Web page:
If you can’t be bothered with all this, and just want to wake up your mythtv box from your bed, then it can be downloaded from the Android market.

Building a redundant mailstore with DRBD and GFS

I’ve recently been asked to build a redundant mailstore, using two server-class machines that are running Ubuntu. The caveat, however, is that no additional hardware will be purchased, so this rules out using any external filestorage, such as a SAN. I’ve been investigating the use of DRBD in a primary/primary configuration, to mirror a block device between the two servers, and then put GFS2 over the top of it, so that the filesystem can be mounted on both servers at once.

While a set-up like this is more complex and fragile than using ext4 and DRBD in primary/secondary mode and clustering scripts to ensure that the filesystem is only ever mounted on one server at a time, it’s likely that there will be a requirement for GFS on the same two servers for another purpose, in the near future, so it makes sense to use the same method of clustering for both.

The following guide details how to get this going on Ubuntu 10.04 LTS (lucid). It won’t work on any version older than this – the servers that this is destined for were originally running 9.04 (Jaunty), however, I’ve tested DRBD+GFS on that release, and there’s a problem that prevents it from working. As far as I’m concerned, production servers should not be run on non-LTS Ubuntu releases, anyway, because the support lifecycle is far too short. This guide should also work fine for Debian 6.0 (squeeze), although I haven’t tested it, yet.

One thing to keep in mind – the Ubuntu package for gfs2-tools claims that “The GFS2 kernel modules themselves are highly experimental and *MUST NOT* be used in a production environment yet”. There’s a problem with this, however – the gfs2 module is available in the kernel, in Ubuntu 10.04, but the original gfs isn’t there (it wasn’t ever there) and the redhat-cluster-source package which provides it, doesn’t build. I’m inclined to say that the “experimental” warning is incorrect.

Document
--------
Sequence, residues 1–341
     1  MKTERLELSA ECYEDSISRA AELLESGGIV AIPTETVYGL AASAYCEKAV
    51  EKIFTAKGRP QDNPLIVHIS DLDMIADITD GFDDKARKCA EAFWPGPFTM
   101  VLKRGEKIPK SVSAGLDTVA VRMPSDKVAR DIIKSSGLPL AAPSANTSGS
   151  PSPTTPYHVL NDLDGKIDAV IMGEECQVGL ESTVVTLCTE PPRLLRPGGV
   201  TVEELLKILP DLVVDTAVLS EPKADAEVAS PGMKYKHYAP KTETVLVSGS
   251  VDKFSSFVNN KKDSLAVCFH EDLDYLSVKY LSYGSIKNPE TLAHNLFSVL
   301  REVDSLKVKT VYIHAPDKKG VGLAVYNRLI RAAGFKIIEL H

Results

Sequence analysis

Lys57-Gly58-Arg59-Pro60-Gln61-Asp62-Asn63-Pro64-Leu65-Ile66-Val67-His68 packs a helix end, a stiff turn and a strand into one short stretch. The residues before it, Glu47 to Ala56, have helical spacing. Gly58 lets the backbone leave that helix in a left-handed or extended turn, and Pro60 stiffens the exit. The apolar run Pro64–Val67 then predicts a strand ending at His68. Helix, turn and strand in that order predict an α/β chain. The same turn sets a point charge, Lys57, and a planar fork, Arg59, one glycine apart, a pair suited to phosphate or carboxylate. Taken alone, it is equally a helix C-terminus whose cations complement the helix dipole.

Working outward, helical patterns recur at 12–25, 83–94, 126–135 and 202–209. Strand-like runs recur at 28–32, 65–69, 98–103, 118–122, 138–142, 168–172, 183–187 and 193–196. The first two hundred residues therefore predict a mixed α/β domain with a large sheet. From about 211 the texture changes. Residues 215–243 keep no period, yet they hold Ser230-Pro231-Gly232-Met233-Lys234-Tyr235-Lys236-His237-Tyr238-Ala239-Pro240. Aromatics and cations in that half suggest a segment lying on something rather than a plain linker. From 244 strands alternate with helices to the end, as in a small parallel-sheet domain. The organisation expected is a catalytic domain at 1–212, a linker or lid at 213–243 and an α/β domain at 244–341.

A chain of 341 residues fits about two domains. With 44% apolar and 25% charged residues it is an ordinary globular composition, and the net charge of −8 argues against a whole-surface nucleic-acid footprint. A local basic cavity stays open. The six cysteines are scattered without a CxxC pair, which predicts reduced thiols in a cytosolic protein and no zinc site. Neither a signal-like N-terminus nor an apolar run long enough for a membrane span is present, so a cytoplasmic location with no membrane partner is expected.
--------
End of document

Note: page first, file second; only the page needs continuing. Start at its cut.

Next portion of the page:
Firstly, install DRBD:

apt-get install drbd8-utils drbd8-source

We have to install the drbd8-source package in order to get the drbd kernel module. When drbd is started, it should automatically run dkms to build and install the module.

Now, the servers I’m using have their entire RAID already allocated to an LVM volume group named vg01, so I’m going to create a 60Gb logical volume within this volume group, to be used as the backing store for the DRBD block device on each. Obviously, this step isn’t compulsory and the DRBD block devices, can be put on a plain disk partition instead.

lvcreate -L 60G -n mailmirror vg01

After this, configure /etc/drbd.conf on both servers:

global {
  usage-count yes;
}

common {
  protocol C;
}
resource r0 {
  net {
    allow-two-primaries;
    after-sb-0pri discard-zero-changes;
    after-sb-1pri discard-secondary;
    after-sb-2pri disconnect;
  }
  syncer {
    verify-alg sha1;
  }
  startup {
    become-primary-on both;
  }
  on mail01 {
    device    /dev/drbd0;
    disk      /dev/vg01/mailmirror;
    address   10.50.0.11:7789;
    meta-disk internal;
  }
  on mail02 {
    device    /dev/drbd0;
    disk      /dev/vg01/mailmirror;
    address   10.50.0.12:7789;
    meta-disk internal;
  }
}

With this done, we can now set up the DRBD mirror, by running these commands on each server:

drbdadm create-md r0
modprobe drbd
drbdadm attach r0
drbdadm syncer r0
drbdadm connect r0

…and to start the replication between the two block devices, run the following on only one server:

drbdadm -- --overwrite-data-of-peer primary r0

By looking at /proc/drbd, we’ll be able to see the servers syncing. It’s likely that this will take a long time to complete, but the drbd device can still be used, while that’s happening. One last thing we need to do is move it from primary/secondary mode, into primary/primary mode, by running this on the other server:

drbdadm primary r0

So, now we want to create a GFS2 filesystem. There’s a catch here, however: GFS2 cannot sit directly on a DRBD block device. Instead, we need to put an LVM physical volume on the DRBD device, and then create a volume group and logical volume within that. Furthermore, because this is going on a cluster, we need to use clustered LVM and associated clustering software:

apt-get install cman clvm gfs2-tools